Root rot is a disease caused by fungus. Rotting of the roots keeps the plant from absorbing water and nutrients from the soil. This fungal attack is one of the most serious diseases any plant can be infected with. The early stages cause wilting of the plants leaves and discoloration. In many cases, the plant will die if measures are not taken to contain the infection. Prevention is key with root rot–once the symptoms appear, it is often too late, but there is a chance to save the plant.
Free the plant from the dirt, making sure not to damage the roots. Check the root system for excessive damage. If the roots look strong, you may pot the plant again.
Cut off excessively damaged roots, leaving healthy ones in place. This will keep the fungus from spreading further to the foliage.
Wash the old soil off of the root system to remove fungus.
Soak your old pot with a 10 percent bleach-and-water solution (1 part bleach to 9 parts water) for 30 minutes, then rinse.
Place new soil into the disinfected pot and soak the soil with thiophanate-methyl, the fungicide. This will prevent spread of the fungus from the roots into the soil and kill existing spores.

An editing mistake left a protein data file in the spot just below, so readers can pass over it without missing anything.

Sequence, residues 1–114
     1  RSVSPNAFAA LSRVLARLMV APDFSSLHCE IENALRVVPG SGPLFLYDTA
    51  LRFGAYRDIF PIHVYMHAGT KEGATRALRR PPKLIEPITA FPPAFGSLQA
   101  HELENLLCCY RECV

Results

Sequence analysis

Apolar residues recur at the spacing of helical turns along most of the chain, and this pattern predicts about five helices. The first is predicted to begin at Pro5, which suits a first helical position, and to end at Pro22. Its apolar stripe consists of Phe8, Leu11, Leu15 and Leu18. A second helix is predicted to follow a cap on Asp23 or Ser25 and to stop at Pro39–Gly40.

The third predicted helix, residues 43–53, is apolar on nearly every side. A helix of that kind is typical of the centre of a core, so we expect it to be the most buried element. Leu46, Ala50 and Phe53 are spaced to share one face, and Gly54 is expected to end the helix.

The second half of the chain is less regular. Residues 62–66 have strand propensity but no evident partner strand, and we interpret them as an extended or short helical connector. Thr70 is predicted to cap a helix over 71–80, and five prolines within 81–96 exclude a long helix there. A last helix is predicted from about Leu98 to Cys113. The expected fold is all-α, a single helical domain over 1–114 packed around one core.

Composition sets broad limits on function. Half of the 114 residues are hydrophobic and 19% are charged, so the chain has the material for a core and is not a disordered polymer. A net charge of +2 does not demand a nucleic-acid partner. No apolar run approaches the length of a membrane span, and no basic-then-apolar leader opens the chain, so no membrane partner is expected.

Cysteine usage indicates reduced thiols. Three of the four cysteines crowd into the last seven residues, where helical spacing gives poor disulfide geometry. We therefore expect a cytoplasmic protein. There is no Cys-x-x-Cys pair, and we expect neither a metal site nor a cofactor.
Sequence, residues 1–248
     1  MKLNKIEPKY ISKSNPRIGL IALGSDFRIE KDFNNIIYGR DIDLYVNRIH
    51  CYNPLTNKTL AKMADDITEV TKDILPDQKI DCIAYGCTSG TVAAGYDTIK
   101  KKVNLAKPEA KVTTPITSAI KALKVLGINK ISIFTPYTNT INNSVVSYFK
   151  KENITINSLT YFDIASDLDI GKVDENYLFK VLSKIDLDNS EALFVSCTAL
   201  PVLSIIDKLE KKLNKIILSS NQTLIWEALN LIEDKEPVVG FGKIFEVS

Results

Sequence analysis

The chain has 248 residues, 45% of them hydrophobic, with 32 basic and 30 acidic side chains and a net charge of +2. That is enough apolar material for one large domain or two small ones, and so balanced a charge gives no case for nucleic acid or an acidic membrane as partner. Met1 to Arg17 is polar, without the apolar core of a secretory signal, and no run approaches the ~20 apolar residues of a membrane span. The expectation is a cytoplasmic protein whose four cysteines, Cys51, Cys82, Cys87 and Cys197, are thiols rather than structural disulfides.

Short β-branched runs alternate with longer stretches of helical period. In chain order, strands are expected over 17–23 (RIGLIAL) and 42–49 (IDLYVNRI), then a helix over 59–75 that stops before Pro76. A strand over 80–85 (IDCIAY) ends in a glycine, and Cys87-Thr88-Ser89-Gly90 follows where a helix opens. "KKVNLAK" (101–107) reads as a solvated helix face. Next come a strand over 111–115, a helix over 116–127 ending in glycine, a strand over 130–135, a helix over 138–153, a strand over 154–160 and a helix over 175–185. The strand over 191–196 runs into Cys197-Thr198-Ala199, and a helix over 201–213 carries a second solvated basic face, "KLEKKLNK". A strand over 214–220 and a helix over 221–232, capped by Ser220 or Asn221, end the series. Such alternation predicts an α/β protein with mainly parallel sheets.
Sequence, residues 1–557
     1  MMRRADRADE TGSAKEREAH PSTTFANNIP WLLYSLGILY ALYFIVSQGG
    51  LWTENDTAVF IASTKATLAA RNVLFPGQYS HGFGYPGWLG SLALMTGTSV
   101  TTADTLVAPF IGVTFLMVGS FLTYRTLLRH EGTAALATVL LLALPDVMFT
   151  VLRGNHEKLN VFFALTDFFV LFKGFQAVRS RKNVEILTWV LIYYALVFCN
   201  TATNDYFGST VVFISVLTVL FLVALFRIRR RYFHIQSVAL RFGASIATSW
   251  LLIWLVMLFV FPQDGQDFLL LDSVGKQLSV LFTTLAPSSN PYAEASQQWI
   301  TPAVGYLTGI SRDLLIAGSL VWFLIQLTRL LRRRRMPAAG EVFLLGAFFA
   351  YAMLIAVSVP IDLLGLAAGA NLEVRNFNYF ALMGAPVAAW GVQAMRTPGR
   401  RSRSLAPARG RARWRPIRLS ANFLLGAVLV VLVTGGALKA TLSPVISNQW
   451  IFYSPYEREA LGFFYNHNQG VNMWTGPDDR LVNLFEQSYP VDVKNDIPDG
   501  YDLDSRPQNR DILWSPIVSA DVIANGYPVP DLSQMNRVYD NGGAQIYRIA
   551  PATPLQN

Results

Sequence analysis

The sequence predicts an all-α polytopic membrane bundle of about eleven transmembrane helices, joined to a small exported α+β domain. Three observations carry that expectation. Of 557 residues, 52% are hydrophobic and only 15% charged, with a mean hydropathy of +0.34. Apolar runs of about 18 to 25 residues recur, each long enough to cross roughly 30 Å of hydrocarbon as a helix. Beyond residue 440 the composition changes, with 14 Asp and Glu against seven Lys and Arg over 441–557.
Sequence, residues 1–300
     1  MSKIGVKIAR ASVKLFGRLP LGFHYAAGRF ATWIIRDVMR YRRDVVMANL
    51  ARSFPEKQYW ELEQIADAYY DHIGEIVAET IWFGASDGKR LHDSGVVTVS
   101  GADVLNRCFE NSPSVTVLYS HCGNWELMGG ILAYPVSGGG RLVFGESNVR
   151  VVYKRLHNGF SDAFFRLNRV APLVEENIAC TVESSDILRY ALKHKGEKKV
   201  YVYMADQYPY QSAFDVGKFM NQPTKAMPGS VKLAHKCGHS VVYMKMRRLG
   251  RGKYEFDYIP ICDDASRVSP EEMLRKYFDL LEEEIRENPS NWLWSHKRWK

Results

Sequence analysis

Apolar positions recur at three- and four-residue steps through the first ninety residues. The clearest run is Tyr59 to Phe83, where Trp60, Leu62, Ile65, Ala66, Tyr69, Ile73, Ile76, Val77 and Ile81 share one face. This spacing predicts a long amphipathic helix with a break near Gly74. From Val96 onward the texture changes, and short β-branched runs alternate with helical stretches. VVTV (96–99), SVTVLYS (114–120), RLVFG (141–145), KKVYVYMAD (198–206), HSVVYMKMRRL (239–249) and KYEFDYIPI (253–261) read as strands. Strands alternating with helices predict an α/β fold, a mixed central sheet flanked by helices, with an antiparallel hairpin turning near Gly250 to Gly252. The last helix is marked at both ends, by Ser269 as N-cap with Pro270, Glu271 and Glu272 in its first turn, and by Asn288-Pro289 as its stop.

Place the plant in the soil, making sure to cover the root system properly. Water the soil lightly and ensure there is enough drainage.
Things You Will Need
- Do not overwater the plant once potted as this may cause spores to multiply if still present in the soil.
- Keep a Fuchsia Over Winter
- Divide Lupine
- Sterilize a Houseplant's Potting Soil
- Plant Euphorbia Cuttings
- Mushrooms or Fungus in Potted Plants
- Are Chinese Palm Plants Poisonous to Cats?
- Use Peppermint to Get Rid of Fleas
- Can I Root Plumbago From Cuttings?
- Care of Angel Trumpets
- Homemade Remedy to Kill Poison Ivy
- Cure White Powder on an African Violet
- Sanitize Dirt